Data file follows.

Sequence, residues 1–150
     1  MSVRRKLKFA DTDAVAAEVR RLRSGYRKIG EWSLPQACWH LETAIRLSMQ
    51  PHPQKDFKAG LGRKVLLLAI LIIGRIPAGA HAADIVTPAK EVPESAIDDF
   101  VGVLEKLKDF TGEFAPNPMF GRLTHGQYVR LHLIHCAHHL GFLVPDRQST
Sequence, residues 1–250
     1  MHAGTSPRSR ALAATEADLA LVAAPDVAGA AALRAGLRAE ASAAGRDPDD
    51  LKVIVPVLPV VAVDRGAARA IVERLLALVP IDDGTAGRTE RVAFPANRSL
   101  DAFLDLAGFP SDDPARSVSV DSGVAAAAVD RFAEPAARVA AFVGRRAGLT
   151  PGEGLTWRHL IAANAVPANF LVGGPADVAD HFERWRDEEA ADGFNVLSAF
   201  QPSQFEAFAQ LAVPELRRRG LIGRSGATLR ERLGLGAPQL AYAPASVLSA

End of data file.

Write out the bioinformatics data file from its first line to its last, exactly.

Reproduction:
Sequence, residues 1–150
     1  MSVRRKLKFA DTDAVAAEVR RLRSGYRKIG EWSLPQACWH LETAIRLSMQ
    51  PHPQKDFKAG LGRKVLLLAI LIIGRIPAGA HAADIVTPAK EVPESAIDDF
   101  VGVLEKLKDF TGEFAPNPMF GRLTHGQYVR LHLIHCAHHL GFLVPDRQST
Sequence, residues 1–250
     1  MHAGTSPRSR ALAATEADLA LVAAPDVAGA AALRAGLRAE ASAAGRDPDD
    51  LKVIVPVLPV VAVDRGAARA IVERLLALVP IDDGTAGRTE RVAFPANRSL
   101  DAFLDLAGFP SDDPARSVSV DSGVAAAAVD RFAEPAARVA AFVGRRAGLT
   151  PGEGLTWRHL IAANAVPANF LVGGPADVAD HFERWRDEEA ADGFNVLSAF
   201  QPSQFEAFAQ LAVPELRRRG LIGRSGATLR ERLGLGAPQL AYAPASVLSA